Tags

Type your tag names separated by a space and hit enter

Successful treatment of severe anaphylactic shock with vasopressin. Two case reports.
Int Arch Allergy Immunol 2004; 134(3):260-1IA

Abstract

Severe anaphylactic shock is a life-threatening situation that needs immediate treatment of progressive hemodynamic failure. We report two cases of severe anaphylactic shock treated with arginine-vasopressin (AVP): In a 42-year-old male patient anaphylactic shock was caused by the sting of a hornet. At the scene, he was found unconscious, cyanotic, with a heart rate of 130/min without measurable blood pressure. The patient was intubated and ventilated with 100% oxygen, intravenous epinephrine (1 mg over 2 min) had no effect on blood pressure. After injection of 10 IU vasopressin, followed by infusion of 40 IU vasopressin, hemodynamics could be stabilized at once. In the second case, a 47-year-old male patient was stung by a wasp. At the scene he was unconscious, blood pressure was not measurable, heart rate was 140/min. The patient was treated with 40 IU vasopressin followed by rapid infusion of 500 ml NaCl 0.9%. After injection of vasopressin, blood pressure raised to 80/50 mm Hg and heart rate decreased to 90/min. Both patients needed ventilator therapy for several days and recovered fully.

Authors+Show Affiliations

Department of Anaesthesiology and Critical Care, Philipps University, Marburg, Germany. killc@mailer.uni-marburg.deNo affiliation info availableNo affiliation info available

Pub Type(s)

Case Reports
Journal Article

Language

eng

PubMed ID

15178897

Citation

Kill, Clemens, et al. "Successful Treatment of Severe Anaphylactic Shock With Vasopressin. Two Case Reports." International Archives of Allergy and Immunology, vol. 134, no. 3, 2004, pp. 260-1.
Kill C, Wranze E, Wulf H. Successful treatment of severe anaphylactic shock with vasopressin. Two case reports. Int Arch Allergy Immunol. 2004;134(3):260-1.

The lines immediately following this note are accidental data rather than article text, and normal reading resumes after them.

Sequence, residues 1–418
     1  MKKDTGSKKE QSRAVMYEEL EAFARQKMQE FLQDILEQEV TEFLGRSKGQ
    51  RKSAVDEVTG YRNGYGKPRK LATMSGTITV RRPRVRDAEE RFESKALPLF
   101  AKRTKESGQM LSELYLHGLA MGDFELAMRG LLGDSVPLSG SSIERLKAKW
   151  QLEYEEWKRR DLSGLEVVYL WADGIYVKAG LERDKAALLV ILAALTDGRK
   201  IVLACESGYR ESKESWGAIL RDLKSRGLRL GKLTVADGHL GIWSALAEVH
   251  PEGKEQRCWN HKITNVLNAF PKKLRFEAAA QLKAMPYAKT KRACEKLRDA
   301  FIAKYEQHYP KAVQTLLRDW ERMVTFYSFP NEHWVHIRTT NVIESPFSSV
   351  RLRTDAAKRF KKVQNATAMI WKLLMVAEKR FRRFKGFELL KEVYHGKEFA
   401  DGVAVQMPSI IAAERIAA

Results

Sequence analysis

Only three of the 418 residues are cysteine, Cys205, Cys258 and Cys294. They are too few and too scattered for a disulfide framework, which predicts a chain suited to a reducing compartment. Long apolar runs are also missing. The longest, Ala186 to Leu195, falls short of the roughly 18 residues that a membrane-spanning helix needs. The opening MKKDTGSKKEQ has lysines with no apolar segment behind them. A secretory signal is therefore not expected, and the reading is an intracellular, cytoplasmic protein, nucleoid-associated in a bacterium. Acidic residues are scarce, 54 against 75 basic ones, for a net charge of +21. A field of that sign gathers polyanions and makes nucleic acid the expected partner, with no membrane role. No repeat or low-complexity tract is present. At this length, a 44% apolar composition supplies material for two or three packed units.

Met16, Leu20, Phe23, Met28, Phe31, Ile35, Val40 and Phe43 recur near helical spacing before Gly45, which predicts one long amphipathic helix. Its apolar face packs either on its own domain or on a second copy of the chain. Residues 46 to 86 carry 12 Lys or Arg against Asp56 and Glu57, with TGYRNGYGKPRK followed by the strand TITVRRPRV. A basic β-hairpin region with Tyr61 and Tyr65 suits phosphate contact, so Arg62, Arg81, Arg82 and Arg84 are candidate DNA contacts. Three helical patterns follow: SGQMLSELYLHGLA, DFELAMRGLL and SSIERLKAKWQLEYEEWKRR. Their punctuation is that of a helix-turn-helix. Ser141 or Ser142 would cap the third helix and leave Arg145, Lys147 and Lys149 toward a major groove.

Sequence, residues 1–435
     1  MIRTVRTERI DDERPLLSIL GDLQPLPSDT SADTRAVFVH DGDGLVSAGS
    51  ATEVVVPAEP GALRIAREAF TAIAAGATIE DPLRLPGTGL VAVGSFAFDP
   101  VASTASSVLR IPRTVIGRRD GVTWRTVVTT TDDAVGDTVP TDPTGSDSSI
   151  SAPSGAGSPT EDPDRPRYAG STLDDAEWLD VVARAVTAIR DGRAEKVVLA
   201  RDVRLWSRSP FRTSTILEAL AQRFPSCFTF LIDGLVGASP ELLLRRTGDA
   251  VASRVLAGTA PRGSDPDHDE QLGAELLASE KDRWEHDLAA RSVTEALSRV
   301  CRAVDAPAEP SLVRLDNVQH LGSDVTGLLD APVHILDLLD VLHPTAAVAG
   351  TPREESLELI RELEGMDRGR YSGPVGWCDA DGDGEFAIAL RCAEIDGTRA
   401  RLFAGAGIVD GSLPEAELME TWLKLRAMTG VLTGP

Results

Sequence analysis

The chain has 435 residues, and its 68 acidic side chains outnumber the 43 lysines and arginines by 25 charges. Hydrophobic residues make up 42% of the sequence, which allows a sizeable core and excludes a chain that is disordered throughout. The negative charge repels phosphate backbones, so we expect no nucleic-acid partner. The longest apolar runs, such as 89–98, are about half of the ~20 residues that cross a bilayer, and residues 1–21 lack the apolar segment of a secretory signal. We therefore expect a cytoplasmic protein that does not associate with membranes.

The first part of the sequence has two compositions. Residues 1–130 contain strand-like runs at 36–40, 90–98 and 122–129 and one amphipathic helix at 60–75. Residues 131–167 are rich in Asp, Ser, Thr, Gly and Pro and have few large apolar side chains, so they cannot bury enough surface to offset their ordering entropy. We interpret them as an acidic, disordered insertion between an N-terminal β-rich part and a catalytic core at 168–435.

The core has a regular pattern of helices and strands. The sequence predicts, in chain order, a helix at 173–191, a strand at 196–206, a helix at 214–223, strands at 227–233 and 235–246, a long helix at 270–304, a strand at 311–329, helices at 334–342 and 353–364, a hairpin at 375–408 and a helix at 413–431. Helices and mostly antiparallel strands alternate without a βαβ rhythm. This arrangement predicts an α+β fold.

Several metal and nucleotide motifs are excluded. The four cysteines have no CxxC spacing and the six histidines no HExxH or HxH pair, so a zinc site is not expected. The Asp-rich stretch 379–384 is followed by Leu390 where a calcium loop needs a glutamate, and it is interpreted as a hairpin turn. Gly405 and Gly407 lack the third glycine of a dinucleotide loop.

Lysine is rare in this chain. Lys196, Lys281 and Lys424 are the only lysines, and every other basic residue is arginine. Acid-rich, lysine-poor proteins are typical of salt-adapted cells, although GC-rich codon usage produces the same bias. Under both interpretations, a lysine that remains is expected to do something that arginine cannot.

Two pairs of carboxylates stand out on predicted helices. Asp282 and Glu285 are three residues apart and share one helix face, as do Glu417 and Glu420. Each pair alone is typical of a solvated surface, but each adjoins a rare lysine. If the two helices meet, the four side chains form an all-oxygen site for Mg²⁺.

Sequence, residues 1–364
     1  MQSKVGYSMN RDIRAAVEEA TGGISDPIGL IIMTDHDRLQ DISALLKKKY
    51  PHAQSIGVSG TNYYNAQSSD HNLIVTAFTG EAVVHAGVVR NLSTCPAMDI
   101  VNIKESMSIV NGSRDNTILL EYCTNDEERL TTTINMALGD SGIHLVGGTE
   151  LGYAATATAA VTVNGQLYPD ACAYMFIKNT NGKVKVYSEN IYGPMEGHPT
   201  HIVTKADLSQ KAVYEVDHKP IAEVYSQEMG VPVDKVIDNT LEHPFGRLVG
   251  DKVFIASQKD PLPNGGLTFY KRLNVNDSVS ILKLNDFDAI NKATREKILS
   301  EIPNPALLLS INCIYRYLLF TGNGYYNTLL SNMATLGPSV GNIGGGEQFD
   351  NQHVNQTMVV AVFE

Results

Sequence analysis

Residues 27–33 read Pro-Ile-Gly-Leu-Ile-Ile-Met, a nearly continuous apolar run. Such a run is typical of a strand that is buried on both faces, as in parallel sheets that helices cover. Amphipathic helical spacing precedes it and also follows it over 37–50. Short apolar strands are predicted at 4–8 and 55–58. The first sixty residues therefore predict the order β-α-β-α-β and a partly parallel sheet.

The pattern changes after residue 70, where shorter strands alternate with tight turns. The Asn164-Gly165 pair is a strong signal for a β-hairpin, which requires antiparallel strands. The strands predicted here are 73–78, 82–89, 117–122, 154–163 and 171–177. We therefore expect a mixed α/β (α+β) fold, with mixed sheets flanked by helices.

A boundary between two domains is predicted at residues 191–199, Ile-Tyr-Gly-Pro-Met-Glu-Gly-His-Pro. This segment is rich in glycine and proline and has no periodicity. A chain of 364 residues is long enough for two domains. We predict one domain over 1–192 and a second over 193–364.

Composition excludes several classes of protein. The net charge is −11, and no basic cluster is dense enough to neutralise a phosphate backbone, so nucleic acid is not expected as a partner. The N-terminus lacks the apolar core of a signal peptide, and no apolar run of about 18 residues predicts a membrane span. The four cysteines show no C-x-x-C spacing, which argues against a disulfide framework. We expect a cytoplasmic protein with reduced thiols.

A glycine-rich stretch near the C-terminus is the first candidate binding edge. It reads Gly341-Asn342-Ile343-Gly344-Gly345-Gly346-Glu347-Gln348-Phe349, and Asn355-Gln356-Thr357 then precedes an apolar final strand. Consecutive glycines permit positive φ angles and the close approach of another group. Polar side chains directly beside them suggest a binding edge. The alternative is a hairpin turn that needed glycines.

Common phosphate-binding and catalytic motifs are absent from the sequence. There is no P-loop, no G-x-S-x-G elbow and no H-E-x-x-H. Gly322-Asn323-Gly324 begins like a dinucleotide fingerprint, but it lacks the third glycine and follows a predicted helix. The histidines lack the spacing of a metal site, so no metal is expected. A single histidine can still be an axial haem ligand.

Kill, C., Wranze, E., & Wulf, H. (2004). Successful treatment of severe anaphylactic shock with vasopressin. Two case reports. International Archives of Allergy and Immunology, 134(3), pp. 260-1.
Kill C, Wranze E, Wulf H. Successful Treatment of Severe Anaphylactic Shock With Vasopressin. Two Case Reports. Int Arch Allergy Immunol. 2004;134(3):260-1. PubMed PMID: 15178897.
* Article titles in AMA citation format should be in sentence-case
TY - JOUR T1 - Successful treatment of severe anaphylactic shock with vasopressin. Two case reports. AU - Kill,Clemens, AU - Wranze,Erich, AU - Wulf,Hinnerk, Y1 - 2004/06/01/ PY - 2003/12/04/received PY - 2004/01/29/accepted PY - 2004/6/5/pubmed PY - 2004/8/3/medline PY - 2004/6/5/entrez SP - 260 EP - 1 JF - International archives of allergy and immunology JO - Int. Arch. Allergy Immunol. VL - 134 IS - 3 N2 - Severe anaphylactic shock is a life-threatening situation that needs immediate treatment of progressive hemodynamic failure. We report two cases of severe anaphylactic shock treated with arginine-vasopressin (AVP): In a 42-year-old male patient anaphylactic shock was caused by the sting of a hornet. At the scene, he was found unconscious, cyanotic, with a heart rate of 130/min without measurable blood pressure. The patient was intubated and ventilated with 100% oxygen, intravenous epinephrine (1 mg over 2 min) had no effect on blood pressure. After injection of 10 IU vasopressin, followed by infusion of 40 IU vasopressin, hemodynamics could be stabilized at once. In the second case, a 47-year-old male patient was stung by a wasp. At the scene he was unconscious, blood pressure was not measurable, heart rate was 140/min. The patient was treated with 40 IU vasopressin followed by rapid infusion of 500 ml NaCl 0.9%. After injection of vasopressin, blood pressure raised to 80/50 mm Hg and heart rate decreased to 90/min. Both patients needed ventilator therapy for several days and recovered fully. SN - 1018-2438 UR - https://www.unboundmedicine.com/medline/citation/15178897/full_citation L2 - https://www.karger.com?DOI=10.1159/000078775 DB - PRIME DP - Unbound Medicine ER -